Ahmad leaves blood on the floor in CosafaThomas Kwenaite
The honeymoon has ended for a group of foot soldiers that sacrificed their lives and careers to ensure that they installed Malagasy’s Ahmad Ahmad to the summit of African Football during the CAF Presidential elections in March 2017 held in Ethiopia.
Ahmad ascended to the Confederation of African Football (CAF) Presidency after the 14-member block of the Confederation of Southern African Football Associations (COSAFA) launched a campaign to unseat Issa Hayatou at SAFA House in Johannesburg towards the end of 2016.
At that meeting, Zimbabwe Football Association (ZIFA) President Phillip Chiyangwa appointed himself Campaign Manager for Ahmad and the group set in motion events that would culminate in the vertically challenged Malagasy dethroning Hayatou five months later.
Chiyangwa faced possible banishment from football by an obviously upset Hayatou when he organized a birthday party in Harare and invited FA Presidents from across the continent including FIFA head honcho Gianni Infantino where plans to remove Hayatou from the CAF Presidency were probably discussed.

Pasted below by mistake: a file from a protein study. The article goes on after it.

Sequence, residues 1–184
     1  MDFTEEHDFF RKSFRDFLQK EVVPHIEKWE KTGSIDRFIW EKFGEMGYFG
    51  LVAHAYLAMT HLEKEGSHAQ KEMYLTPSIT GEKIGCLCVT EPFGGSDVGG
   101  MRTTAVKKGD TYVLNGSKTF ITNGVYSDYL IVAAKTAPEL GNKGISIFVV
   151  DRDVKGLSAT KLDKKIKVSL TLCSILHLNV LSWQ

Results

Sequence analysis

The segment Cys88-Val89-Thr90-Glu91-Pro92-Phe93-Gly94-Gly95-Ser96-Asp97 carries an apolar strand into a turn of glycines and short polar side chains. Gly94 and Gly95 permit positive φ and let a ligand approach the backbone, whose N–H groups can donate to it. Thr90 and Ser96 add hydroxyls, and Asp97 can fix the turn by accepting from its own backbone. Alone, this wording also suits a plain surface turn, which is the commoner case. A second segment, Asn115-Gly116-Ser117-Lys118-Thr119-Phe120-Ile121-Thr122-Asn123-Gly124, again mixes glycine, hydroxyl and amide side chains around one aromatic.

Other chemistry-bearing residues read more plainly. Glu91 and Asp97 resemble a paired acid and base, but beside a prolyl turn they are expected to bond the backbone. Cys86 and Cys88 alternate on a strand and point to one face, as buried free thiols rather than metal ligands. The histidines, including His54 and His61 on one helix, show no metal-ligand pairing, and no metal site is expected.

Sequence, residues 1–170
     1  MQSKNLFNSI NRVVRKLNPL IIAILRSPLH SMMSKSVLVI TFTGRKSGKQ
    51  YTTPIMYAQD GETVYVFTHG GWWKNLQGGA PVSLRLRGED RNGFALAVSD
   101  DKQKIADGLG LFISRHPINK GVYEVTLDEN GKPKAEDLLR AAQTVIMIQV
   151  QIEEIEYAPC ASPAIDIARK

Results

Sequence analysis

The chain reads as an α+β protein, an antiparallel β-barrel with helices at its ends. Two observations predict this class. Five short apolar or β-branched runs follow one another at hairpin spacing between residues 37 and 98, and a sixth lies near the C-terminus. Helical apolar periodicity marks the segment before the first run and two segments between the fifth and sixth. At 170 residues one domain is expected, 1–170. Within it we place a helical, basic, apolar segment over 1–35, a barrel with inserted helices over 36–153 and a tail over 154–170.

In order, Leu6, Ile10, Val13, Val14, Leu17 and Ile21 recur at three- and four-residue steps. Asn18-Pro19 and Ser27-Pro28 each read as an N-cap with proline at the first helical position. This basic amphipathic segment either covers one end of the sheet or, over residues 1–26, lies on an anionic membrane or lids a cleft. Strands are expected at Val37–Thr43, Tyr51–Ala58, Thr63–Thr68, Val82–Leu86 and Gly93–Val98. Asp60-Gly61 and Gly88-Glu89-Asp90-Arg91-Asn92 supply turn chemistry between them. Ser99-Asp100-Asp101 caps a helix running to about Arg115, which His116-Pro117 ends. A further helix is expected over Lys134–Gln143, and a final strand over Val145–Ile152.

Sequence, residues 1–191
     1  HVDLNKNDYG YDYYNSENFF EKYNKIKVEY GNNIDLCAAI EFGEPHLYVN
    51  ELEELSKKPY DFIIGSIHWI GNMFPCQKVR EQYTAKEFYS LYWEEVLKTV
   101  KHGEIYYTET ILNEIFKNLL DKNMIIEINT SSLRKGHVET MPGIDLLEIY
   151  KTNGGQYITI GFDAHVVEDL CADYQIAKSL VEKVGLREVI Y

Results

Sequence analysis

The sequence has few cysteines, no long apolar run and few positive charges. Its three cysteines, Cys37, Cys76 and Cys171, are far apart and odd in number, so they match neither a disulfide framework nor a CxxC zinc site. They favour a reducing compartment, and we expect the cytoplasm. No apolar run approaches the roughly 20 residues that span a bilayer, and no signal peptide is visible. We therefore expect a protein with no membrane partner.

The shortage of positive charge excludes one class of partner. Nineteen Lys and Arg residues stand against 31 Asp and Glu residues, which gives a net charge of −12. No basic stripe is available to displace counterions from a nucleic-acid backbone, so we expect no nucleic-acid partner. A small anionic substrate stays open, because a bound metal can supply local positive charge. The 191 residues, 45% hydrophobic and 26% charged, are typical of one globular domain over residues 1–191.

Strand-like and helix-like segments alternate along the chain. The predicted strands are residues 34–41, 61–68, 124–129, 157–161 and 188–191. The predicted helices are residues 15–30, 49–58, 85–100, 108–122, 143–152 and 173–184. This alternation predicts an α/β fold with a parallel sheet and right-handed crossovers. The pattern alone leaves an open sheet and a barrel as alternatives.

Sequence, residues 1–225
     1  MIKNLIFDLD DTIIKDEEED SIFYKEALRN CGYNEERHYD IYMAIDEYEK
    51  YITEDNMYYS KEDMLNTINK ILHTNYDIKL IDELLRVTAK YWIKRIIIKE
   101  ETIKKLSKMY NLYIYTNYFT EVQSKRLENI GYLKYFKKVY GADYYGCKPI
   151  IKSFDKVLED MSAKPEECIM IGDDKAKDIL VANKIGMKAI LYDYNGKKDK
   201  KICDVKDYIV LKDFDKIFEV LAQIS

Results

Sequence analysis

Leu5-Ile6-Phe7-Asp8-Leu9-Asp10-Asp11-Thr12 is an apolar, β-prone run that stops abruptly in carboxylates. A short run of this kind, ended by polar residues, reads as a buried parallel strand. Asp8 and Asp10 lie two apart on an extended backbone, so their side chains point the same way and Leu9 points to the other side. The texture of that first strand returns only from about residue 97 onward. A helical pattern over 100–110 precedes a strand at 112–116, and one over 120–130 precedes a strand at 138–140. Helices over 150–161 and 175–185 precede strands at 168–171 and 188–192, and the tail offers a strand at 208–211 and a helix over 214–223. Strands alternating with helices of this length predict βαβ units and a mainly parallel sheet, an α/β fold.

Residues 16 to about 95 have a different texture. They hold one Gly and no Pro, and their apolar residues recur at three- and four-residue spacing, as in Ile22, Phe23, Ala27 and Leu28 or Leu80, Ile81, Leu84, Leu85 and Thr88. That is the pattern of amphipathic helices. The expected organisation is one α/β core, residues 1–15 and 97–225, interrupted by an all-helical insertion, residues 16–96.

But now that Ahmad has claimed the throne, he is alleged to be systematically cutting down all the foot soldiers that spent sleepless nights campaigning for him as he has now gone to bed with Moroccans.
Ahmad has virtually surrendered all the CAF’s assets, including US $150-m loot amassed by dethroned Hayatou during his 29-year rule, to the Moroccans by appointing the Financial chairman, Secretary of Finance and Chairman of the audit Committee from Morocco.
After sidelining Chiyangwa, then followed Botswana’s MacLean Letshwiti, Zambia’s Andrew Kamanga and finally South Africa’s Danny Jordaan whom he plotted to prevent from gaining a FIFA executive committee seat at last week’s special sitting in Cairo.
COSAFA had met in Johannesburg and enquired which candidates wanted to stand for the FIFA seat left vacant by the recent resignation of Ghana’s Kwesi Nyantakyi, and three candidates – Jordaan (RSA), Walter Nyamilandu (Malawi) and Elvis Chetty (Seychelles) – all raised their hands.
The meeting decided to present a united front by holding an election where the winner would be presented to the CAF sitting as the sole representative of the region. Jordaan won the election and was endorsed as the candidate while the Central and East African region presented Tanzania’s Leodegar Tenga as their candidate.
But at the congress in Cairo, Ahmad allegedly rejected COSAFA’s candidate (Jordaan) and instead expressed his wishes to support Malawi’s Nyamilandu as his preferred candidate, a decision that left the COSAFA region red-faced with embarrassment.